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Smart CRE Decision-Making Requires Access To Connected Data


Not long ago, the commercial real estate industry was bracing for a coming wave of distressed hotel properties in the wake of the coronavirus pandemic.

“The whole world thought we were going to have a giant tsunami of distress a few months ago, and all this distressed product would flood the market and everybody would have to scramble to figure out what to do about it,” said Tina Lichens, chief operating officer for LightBox, a leading real estate information and technology platform.

That did not come to pass. In a report, LightBox noted that hospitality properties that were troubled pre-pandemic might still experience distress in the next few years, but no giant waves were visible on the 2021 horizon.

“The findings were surprising to many,” Lichens said. “Part of that uncertainty is a result of the nature of our industry, which can change very quickly. That is exactly why today’s markets require new strategies that leverage data for informed business decisions. You simply can’t evaluate prospective deals or uncover macro trends without it.”

CRE professionals depend on reliable data not only to plan and operate during uncertain times, but also when performing due diligence for potential acquisitions or to expedite lending and valuation processes. Unfortunately, that information is often not easily accessible in one convenient place, making it difficult to research the history of a property, let alone try to predict its future performance.

Buyers, sellers, brokers, lenders, environmental professionals, appraisers and others all have their own independent sources for the information they share in transactions, Lichens said. As a result, what should be a smooth communication process instead resembles a game of telephone in which information is lost or misinterpreted as it passes from party to party.

“The problem is that there is no single source of truth in this industry, even as we see increased activity across our segments, including lending, financing and investment sales transactions,” Lichens said. "The type of information that our clients are looking for ranges from sophisticated, hard-to-get information around market trends and lender activity, to basic stuff like, 'how big is my building' or 'are there contamination issues I need to be aware of?'” 

LightBox, whose mission is to build the world’s most connected real estate information and technology platform, is primed to become the single source of truth for the entire industry, she said. Its platform, which currently serves more than 50,000 CRE brokers, has brought over a billion assets to market, and extends its database of more than 60,000 qualified and active buyers to end users.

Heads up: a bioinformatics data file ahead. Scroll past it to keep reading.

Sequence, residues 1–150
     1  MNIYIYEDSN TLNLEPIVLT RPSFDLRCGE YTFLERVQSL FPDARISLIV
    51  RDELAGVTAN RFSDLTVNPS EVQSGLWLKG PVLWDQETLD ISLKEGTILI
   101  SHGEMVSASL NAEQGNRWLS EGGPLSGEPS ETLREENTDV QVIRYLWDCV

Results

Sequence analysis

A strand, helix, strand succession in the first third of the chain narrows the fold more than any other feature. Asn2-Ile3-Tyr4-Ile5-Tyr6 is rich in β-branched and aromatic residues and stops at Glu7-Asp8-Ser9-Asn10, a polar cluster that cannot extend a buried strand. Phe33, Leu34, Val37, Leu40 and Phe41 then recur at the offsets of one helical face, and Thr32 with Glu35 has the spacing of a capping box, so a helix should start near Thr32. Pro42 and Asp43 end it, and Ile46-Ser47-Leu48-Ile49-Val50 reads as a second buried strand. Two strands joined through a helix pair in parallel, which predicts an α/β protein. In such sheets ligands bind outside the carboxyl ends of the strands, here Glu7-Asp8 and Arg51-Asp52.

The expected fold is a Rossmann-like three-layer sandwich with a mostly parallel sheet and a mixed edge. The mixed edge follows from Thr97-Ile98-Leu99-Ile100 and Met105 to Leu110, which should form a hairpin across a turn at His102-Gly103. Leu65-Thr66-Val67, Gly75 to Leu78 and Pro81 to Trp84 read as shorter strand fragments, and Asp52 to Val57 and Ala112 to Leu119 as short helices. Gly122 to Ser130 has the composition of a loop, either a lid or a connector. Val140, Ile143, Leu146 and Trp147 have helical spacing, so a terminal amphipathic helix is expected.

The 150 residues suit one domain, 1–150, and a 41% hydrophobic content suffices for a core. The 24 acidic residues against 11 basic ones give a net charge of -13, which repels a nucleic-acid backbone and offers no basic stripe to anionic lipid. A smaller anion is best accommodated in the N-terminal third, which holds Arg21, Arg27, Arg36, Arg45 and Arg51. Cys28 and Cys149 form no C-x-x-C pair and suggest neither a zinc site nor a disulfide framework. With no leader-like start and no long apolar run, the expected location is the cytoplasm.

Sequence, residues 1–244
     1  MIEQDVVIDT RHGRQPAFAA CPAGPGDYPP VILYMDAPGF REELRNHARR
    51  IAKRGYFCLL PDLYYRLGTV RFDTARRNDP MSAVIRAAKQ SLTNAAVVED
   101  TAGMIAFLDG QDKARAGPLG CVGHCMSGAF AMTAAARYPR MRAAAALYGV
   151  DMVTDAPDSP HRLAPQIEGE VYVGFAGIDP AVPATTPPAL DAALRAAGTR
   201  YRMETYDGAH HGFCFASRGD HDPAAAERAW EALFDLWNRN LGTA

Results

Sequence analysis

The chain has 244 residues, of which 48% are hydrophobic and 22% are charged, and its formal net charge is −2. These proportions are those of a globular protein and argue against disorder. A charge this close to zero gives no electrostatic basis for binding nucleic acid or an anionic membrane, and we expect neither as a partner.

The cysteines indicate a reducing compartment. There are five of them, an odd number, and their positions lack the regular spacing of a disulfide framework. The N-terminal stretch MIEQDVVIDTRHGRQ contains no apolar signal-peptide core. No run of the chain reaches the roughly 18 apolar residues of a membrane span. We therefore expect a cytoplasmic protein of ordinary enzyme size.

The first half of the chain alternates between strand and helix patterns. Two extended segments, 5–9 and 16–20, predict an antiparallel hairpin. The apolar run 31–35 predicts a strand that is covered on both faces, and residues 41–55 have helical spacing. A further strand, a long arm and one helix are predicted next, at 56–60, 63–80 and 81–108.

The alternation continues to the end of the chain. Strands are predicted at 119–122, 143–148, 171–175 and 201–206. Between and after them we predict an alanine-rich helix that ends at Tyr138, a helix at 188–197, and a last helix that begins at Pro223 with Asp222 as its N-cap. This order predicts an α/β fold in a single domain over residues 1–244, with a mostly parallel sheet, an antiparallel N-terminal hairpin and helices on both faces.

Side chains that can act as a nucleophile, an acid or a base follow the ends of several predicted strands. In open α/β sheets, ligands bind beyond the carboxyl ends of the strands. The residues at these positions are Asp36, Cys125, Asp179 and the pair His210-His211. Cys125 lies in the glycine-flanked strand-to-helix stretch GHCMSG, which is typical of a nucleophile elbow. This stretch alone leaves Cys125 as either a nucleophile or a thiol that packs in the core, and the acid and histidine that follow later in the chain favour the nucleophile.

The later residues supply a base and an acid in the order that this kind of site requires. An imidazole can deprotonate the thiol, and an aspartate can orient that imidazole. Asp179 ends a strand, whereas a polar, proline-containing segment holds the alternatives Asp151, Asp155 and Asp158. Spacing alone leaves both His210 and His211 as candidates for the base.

“It is inefficient if each step in the buying or selling process has to happen all over again every single time vital information is shared with a new stakeholder,” Lichens said. “What we do is  connect those insights at the property level — like the square footage of a building, its assessed value, and whether there was a gas station on the property at one time — and apply those insights at the point of action for greater value.”

Lichens cites the company’s LandVision mapping tool as one example of the level of detail that LightBox can provide users. Interested parties can search any parcel in the United States and access more than 350 data points, including unique property characteristics — lot size, land use, ownership information — and data on the surrounding area to accurately identify promising locations. She said this easy access to spatial data is unprecedented in the commercial real estate world.

LightBox reported it has seen increased activity across all CRE sectors since June. That suggests people are feeling more optimistic, although they still need to know exactly what they are purchasing to see the biggest returns. 

“There are still big question marks because of market conditions," Lichens said. “As a result, people are trying to go deeper into the information about a property, but analytics must be applied to be useful. Our platform is designed to help people solve complex problems that have historically seemed intractable.”

LightBox clients include some of the CRE industry’s biggest players. But Lichens said its platform is valuable for small and midsized companies, too. By combining best-in-class companies with brand recognition in the marketplace, and leveraging their broad expertise, LightBox is able to know these market participants deeply, understand their specific pain points and successfully address them.

“Our technology levels the playing field," she said. "We provide the infrastructure and insights that more moderately sized companies can use to compete. The data already existed, but now LightBox is able to put it together so that people can use it to enhance deal execution.”  

This article was produced in collaboration between Studio B and LightBox. Bisnow news staff was not involved in the production of this content.

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